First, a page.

When a request has been approved for a stallion and the mare is eligible to be bred, she will have a little truck icon appear in Mare Services. Clicking this will ship her to the stallion so that she can be bred. If you do not ship your mare, she cannot be bred! Note: This 'shipping' does not actually remove the mare from your care/barn.
Pregnancy risk will be initially calculated based off of the mare's energy and condition level at the time of breeding. It can go up or down based on those levels throughout gestation. Having a high pregnancy risk can cause stillborns, mare injury, or even mare death, so it's best to have your broodmares doing Groundwork as their exercise for the month.
For stallion owners, there is a link on Stud Services that says 'Breeding Center'. Going there will show a list of your stallions along with a list of any/all mares currently shipped to them waiting to be covered. It will also show the stallions' current energy level. From that page, you can click the white heart to cover whichever mares you choose. Once covered, the mare will disappear from the list and will also show the covered (half-heart) icon on her owner's Mare Services page.
If a mare does not get in foal, she will have to be shipped again once she's eligible to make another breeding attempt. This will send another PM to the stud owner and the process can be repeated just like it was the first time. Covering a mare on a rebreed will use a stallion's energy, so keep that in mind. It does not, however, take an additional breeding slot (for the mare owner) or charge an additional stud fee.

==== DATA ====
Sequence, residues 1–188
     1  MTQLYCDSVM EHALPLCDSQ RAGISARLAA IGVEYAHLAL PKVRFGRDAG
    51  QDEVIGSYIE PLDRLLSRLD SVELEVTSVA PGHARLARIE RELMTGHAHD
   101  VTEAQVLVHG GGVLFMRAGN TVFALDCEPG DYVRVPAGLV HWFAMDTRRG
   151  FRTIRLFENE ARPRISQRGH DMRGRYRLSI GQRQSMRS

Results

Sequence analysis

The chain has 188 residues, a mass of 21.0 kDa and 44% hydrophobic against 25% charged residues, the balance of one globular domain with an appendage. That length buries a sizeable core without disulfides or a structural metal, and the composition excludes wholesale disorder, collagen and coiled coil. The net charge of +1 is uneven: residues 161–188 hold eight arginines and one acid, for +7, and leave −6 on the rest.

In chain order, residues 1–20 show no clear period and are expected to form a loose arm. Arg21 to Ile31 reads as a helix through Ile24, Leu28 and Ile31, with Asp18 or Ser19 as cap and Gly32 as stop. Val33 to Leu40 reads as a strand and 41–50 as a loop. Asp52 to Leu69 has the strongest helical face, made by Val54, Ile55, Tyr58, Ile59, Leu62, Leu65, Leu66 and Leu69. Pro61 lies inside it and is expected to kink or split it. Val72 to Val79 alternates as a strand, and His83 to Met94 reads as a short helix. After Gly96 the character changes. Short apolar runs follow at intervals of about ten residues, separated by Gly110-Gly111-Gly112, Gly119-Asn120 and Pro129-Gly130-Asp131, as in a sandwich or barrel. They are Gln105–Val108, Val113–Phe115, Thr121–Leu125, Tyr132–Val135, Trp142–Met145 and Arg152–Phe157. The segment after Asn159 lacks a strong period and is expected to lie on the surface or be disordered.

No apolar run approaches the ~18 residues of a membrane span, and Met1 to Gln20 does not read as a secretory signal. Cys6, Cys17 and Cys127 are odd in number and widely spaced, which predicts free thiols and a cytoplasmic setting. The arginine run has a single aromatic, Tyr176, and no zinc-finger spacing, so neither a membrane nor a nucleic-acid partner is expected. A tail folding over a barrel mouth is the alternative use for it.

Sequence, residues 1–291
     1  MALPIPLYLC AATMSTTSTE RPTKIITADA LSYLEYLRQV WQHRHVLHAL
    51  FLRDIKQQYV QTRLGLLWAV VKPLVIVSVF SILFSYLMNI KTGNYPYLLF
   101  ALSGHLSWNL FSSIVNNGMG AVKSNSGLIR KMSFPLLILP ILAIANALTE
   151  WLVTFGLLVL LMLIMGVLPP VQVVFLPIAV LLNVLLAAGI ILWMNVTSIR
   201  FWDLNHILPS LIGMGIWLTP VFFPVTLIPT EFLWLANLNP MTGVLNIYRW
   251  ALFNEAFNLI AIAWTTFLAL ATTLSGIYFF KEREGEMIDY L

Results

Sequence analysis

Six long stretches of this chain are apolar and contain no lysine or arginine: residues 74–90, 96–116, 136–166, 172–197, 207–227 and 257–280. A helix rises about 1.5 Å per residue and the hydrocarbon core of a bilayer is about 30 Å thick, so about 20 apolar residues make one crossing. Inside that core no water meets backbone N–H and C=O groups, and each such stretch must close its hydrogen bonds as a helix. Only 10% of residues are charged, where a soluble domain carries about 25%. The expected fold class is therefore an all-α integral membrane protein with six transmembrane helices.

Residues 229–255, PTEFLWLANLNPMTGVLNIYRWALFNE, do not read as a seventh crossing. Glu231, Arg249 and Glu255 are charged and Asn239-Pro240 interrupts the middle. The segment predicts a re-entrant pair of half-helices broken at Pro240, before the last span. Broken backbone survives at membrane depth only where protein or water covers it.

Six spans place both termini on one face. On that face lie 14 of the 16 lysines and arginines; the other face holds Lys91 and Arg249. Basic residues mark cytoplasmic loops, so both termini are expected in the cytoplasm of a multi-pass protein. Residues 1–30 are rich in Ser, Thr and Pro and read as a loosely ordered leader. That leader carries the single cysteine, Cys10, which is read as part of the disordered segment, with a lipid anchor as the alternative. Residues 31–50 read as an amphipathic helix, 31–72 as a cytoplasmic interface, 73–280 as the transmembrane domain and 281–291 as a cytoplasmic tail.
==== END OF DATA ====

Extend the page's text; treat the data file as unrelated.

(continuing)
When a stallion covers a mare, it will use energy! This is very, very important! A stallion can only cover as many mares in a month as his energy allows. The amount of energy used per breeding is based upon his current condition level. A stallion who is in poor condition will only be able to cover one mare per month, which will also naturally limit the amount of mares he can cover in a year.
A stallion in optimum condition will be able to cover up to 3-5 mares per month, meaning he will be able to have more foals born within the first months of the year. It is not all that difficult to keep your stallions in decent condition. Unless you are skipping training or abandoning your account for long periods of time, most stallions will always be able to cover at least 2 mares a month.